When I first saw the itinerary for our trip and noticed that we had a full free day in Reims, I thought, “Really? Why couldn’t we have an extra free day in London or Paris? What is there to do in Reims?” Now, having never been to France, my inner voice clearly could not be trusted to know anything about what there was to do in Reims, and she turned out to be, not surprisingly, very wrong.
Nothing to do in Reims? Hardly.
First, there was the cathedral, Notre-Dame de Reims. Yes, another Notre-Dame. They all look the same on the outside.
To be honest, I wasn’t super excited about the cathedral. After falling in mini-love with the Église Saint-André the previous night, Notre-Dame de Reims seemed huge, cold, dark, and impersonal. There are only so many Gothic cathedrals you can check out before they all start to look the same. One interesting feature, however, was this triptych of stained glass windows by Marc Chagall.
After the cathedral, there was the shopping. Really, any town worth visiting in France will have stellar shopping, but this was where my friends and I really had fun. I bought a denim jacket (yes, I’m fashionable now), two pairs of colored shorts, two v-neck t-shirts, a long faux pearl necklace, and a pair of white leggings. Nothing outrageous, but all the same it was fun to be able to come home with clothes from France.
And then… there was the champagne.
As I mentioned in my previous post, Reims is one of the capitals of champagne country, in fact the Champagne province. Add to that the fact that this was a college choir trip, and you can bet that champagne tasting was high on the list of activities for our free day.
Marianne, our courier, recommended Taittinger, so that’s where we all went first.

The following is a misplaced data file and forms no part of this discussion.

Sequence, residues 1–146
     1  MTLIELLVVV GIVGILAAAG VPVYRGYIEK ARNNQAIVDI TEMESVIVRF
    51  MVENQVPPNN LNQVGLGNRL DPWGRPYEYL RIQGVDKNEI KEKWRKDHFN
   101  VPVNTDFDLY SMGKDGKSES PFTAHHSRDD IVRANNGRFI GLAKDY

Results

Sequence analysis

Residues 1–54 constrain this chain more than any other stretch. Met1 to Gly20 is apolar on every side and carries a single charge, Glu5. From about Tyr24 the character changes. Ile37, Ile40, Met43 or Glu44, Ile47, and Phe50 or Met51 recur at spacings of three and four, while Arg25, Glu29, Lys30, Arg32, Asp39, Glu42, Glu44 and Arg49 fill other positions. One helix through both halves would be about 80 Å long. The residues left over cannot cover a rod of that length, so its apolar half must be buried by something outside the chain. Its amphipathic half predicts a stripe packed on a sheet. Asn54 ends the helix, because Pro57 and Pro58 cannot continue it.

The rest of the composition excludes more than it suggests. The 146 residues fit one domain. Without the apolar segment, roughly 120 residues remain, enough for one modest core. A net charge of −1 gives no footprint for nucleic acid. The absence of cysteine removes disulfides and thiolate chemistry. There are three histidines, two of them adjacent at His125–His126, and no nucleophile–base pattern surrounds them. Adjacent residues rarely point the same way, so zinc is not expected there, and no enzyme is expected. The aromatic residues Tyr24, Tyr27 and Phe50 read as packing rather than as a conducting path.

The price of each ticket included a tasting as well as a tour of the “caves,” or the underground cellars where the champagne was made… literally, they were caves dug out of the chalk under the ground. We descended a tight spiral staircase and ended up about twelve meters, or almost forty feet, below street level. It was dark and cold down there, perfect conditions for letting the wine age.
I wish I had been able to take notes or something on the process, because it was actually really interesting. The history of Taittinger was fascinating as well… the site the winery is on now used to be a monastery, and the monks were the ones who dug out the chalk caves and made the wine. During the world wars, production was temporarily halted while the caves were used as massive bomb shelters, but they have since been restored to their former purpose (and aren’t we all glad for that). In honor of it having been a monastery, those of us from our group who were all on the tour together sang an impromptu performance of one of our Latin motets down in the deepest cave.
Of course, we had to come back up to the surface eventually to do what we had all come for: the tasting.
After Taittinger, we headed to Pommery, another winery (champagnery?) nearby.
In conclusion, any visit to Reims = champagne tasting. Please, for your sake, don’t miss it.